A convicted murderer’s attempt to sue his victim’s widow has been rejected for a second time by a Pierce County judge.
Superior Court Judge Garold Johnson on Friday denied a motion from Larry Shandola to revive a lawsuit Shandola filed two years ago against Paula Henry, whose husband, Robert Henry, was shot to death in Tacoma in 1995.
A jury convicted Shandola of the murder in 2001, and he was sentenced to 31 years in prison.
In 2013, Shandola from prison sued Paula Henry and others, contending their formal objections to his request to transfer to a prison in Canada violated his privacy rights and inflicted emotional distress.
Shandola, who has maintained his innocence in Robert Henry’s death, was born in Canada and has said he wants to serve his time there to be closer to family.
Johnson dismissed Shandola’s lawsuit not long after it was filed, ruling it was a Strategic Lawsuit Against Public Participation, or SLAPP action. The SLAPP law was intended to prevent frivolous lawsuits aimed at silencing free expression.
The Legislature since has passed a law that requires judges to review lawsuits such as Shandola’s before they are served to victims or their families.
In May of this year, the Washington State Supreme Court declared the SLAPP law unconstitutional, and over the summer Shandola asked Judge Johnson to reinstate his suit, court records show.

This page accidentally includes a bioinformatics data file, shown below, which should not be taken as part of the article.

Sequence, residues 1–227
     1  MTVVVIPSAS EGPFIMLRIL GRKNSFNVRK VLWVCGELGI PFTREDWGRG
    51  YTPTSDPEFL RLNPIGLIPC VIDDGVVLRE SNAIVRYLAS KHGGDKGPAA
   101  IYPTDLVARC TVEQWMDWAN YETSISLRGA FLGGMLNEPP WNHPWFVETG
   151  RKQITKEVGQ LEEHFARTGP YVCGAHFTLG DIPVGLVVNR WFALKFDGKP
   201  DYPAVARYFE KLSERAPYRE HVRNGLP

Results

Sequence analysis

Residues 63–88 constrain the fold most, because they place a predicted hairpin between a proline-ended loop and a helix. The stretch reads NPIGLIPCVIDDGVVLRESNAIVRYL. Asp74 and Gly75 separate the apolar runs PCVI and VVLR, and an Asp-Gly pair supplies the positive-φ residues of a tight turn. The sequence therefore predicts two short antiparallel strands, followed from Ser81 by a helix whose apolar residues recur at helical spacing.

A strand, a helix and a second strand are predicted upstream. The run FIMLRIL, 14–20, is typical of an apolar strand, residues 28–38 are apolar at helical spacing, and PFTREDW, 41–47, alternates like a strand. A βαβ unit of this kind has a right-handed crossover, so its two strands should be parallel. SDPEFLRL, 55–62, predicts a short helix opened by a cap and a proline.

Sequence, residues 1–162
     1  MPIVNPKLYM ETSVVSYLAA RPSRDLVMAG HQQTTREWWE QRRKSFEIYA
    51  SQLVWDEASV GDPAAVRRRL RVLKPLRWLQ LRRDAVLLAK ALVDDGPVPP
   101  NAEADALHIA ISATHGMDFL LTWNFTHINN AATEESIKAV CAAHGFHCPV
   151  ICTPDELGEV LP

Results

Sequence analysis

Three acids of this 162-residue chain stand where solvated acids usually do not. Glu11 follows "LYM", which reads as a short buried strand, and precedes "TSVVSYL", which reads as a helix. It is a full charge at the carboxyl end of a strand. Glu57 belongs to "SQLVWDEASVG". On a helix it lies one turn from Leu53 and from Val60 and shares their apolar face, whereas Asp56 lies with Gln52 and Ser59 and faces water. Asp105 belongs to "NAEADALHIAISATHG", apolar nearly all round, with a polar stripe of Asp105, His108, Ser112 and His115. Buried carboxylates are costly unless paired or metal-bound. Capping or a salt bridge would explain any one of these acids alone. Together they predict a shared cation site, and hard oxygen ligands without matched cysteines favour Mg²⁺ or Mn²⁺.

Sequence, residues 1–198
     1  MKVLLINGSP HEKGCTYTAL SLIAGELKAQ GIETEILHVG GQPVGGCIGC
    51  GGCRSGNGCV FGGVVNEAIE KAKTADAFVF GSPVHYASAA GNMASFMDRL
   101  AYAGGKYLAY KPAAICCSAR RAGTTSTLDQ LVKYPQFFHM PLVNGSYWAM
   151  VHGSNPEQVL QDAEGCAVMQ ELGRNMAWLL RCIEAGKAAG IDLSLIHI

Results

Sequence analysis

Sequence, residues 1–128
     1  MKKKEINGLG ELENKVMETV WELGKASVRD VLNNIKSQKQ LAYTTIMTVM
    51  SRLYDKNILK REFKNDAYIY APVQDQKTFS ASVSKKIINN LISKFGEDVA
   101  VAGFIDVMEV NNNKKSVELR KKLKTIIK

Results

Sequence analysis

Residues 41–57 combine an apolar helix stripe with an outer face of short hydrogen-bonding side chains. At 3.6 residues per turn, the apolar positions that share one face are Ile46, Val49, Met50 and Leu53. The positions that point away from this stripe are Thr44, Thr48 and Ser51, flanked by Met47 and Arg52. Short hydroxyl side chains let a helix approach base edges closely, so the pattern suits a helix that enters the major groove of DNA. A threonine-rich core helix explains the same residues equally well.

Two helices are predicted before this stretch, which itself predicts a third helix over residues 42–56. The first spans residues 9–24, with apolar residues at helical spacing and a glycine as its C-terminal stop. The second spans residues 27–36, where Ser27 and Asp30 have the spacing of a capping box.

On Friday, the judge declined, according to attorney Frank Ladenburg, who represents Paula Henry.
Johnson ruled that Shandola’s lawsuit was governed by the law on the books at the time it was filed, and that the unconstitutional declaration by the state’s high court was not retroactive to his case, Ladenburg said.
Shandola did not participate in Friday’s hearing by conference call or otherwise.
Ladenburg said Paula Henry, who now lives in another state, was thrilled with the decision.
The attorney said he expects Shandola to appeal, even though he wishes he’d just let the matter drop.
“It’s a nasty thing for Paula to be reminded of her husband’s murder over and over again,” Ladenburg said.